In Flint and throughout Michigan, refusal to submit to a test of bodily alcohol content (BAC) can trigger an automatic license suspension. The Michigan Department of State notes Michigan's implied consent laws require the automatic administrative suspension of your license for a one year period of time. This suspension is separate from any type of criminal proceedings against you for driving under the influence.
A criminal defense attorney can challenge this suspension. You have to request a hearing within 14 days of the date of the arrest. Your attorney will assist you in filing the request for the hearing and in making an argument about why your license should not be lost.
An Illegal Traffic Stop and an Administrative License Suspension
Implied consent laws exist nationwide, so it is not just Michigan drivers who get their license suspended automatically if they refuse a BAC test. One driver in North Carolina recently challenged her administrative license suspension on the basis that her traffic stop was illegal. Her challenge led to an important court decision that shows how courts are reducing Fourth Amendment protections in DUI cases and in other criminal cases.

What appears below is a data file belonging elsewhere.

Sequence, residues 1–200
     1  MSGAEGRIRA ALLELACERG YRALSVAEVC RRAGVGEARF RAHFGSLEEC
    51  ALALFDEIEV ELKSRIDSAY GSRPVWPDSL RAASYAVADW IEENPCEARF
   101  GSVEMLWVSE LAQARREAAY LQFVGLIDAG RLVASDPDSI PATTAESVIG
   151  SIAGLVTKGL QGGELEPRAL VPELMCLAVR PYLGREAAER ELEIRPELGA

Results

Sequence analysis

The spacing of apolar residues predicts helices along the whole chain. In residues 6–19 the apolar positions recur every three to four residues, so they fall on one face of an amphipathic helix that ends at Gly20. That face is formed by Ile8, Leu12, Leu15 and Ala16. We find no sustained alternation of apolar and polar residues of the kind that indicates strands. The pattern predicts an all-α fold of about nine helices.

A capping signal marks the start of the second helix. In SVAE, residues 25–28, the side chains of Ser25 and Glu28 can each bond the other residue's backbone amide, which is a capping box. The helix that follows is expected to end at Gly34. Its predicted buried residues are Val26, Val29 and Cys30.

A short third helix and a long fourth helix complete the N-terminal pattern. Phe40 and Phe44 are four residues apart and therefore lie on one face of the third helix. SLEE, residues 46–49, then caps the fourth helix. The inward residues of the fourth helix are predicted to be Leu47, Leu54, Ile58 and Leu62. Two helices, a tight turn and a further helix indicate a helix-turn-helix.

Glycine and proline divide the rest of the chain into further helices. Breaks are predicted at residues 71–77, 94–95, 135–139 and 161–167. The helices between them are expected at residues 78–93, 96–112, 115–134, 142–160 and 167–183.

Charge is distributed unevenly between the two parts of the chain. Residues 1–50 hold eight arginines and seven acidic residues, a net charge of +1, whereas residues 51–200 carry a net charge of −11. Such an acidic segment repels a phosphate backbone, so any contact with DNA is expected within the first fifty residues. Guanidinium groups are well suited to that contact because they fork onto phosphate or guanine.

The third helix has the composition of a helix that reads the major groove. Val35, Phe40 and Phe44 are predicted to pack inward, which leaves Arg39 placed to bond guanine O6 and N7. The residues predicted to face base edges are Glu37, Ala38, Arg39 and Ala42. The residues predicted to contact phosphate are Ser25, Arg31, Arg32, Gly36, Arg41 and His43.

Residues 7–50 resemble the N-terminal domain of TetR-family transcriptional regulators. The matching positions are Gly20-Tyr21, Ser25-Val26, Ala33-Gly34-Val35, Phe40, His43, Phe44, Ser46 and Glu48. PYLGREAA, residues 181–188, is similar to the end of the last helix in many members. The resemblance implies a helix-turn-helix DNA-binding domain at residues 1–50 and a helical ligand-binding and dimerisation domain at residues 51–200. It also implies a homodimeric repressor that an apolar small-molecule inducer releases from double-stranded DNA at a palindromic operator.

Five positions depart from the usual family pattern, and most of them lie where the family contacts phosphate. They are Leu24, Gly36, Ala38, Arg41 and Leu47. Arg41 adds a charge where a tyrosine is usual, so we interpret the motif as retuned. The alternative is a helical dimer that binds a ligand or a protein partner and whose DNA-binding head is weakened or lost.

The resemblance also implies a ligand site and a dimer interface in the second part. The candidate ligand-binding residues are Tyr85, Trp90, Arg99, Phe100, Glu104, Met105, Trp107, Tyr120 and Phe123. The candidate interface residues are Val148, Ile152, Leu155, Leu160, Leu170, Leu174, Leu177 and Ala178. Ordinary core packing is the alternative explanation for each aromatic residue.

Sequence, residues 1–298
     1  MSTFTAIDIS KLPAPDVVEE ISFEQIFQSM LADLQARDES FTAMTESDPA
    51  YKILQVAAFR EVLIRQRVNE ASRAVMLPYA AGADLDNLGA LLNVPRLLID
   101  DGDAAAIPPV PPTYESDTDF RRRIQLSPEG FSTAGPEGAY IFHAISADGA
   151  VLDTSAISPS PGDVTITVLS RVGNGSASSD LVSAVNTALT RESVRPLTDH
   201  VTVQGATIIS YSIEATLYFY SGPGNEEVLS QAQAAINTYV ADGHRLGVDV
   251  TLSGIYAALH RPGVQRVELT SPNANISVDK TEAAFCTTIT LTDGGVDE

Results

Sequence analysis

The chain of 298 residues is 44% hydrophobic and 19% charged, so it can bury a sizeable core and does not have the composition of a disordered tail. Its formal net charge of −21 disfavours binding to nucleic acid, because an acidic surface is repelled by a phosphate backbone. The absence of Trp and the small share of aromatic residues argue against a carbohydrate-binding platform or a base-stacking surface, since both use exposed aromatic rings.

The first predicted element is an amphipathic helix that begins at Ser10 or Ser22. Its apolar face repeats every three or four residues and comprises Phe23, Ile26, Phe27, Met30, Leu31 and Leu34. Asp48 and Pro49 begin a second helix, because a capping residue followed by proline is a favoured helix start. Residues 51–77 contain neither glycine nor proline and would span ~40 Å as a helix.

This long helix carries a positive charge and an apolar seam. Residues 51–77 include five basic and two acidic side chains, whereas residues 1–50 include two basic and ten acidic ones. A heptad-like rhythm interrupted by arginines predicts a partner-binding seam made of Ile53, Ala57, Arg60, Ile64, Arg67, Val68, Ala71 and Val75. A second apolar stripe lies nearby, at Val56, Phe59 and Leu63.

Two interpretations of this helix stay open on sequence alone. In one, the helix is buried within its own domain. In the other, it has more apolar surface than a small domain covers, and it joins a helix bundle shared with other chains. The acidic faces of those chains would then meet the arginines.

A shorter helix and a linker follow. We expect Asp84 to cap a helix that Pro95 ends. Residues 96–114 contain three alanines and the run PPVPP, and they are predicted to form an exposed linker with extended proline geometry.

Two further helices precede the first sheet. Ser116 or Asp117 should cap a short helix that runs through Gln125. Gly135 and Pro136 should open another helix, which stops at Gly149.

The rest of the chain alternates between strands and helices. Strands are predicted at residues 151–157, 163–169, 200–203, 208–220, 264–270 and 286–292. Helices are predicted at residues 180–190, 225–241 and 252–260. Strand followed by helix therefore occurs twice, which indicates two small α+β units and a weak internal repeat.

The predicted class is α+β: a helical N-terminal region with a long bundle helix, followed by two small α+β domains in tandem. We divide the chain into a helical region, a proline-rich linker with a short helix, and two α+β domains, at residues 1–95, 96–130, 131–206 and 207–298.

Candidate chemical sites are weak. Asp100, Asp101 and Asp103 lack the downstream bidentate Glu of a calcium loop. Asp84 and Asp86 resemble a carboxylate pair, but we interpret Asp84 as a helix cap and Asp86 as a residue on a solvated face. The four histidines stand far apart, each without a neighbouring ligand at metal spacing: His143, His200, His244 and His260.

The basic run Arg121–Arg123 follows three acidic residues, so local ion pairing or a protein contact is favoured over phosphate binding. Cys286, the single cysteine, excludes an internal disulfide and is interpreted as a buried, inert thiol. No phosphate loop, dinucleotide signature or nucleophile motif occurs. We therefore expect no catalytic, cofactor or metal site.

The North Carolina driver was stopped in her blue SUV. The police officer stopped her vehicle because a driver had called in to the police to report that an SUV of the same color, make and model was driving erratically and weaving. The law enforcement officer did not actually see the driver of the blue SUV do anything dangerous. In fact, she was driving just fine at the time when the officer observed her, but she was pulled over anyway based on the phone call tip.
After she'd been pulled over, the SUV driver was accused of smelling like alcohol and asked to take a field sobriety test. When she did not pass this, she was asked to submit to a BAC test. She declined, was arrested, and subsequently subject to an administrative driver's license suspension.
The criminal case against her had to be dismissed due to lack of evidence because the traffic stop was found to have been a violation of her Fourth Amendment rights. None of the evidence collected could be used against her since it was all illegally obtained.
The DMV, however, said that the agency could still use the evidence as justification for her administrative license suspension because the exclusionary rule didn't apply to the DMV's proceedings. While the trial court said that this was not correct, the North Carolina appellate court agreed with the DMV and allowed the license suspension based on the evidence obtained in violation of her Fourth Amendment rights.
Obviously, the implications of this decision are troubling for every DUI defendant nationwide even though the specific court's decision applies only in North Carolina. A driver should not have his license suspended based on the information obtained in a traffic stop that was not justified and that was a violation of constitutional rights.
Contact Michigan criminal defense lawyer Michael P. Manley today at (810) 238-0500 or visit bvimanleystg.wpengine.com to schedule a consultation. Serving Flint and all of Michigan.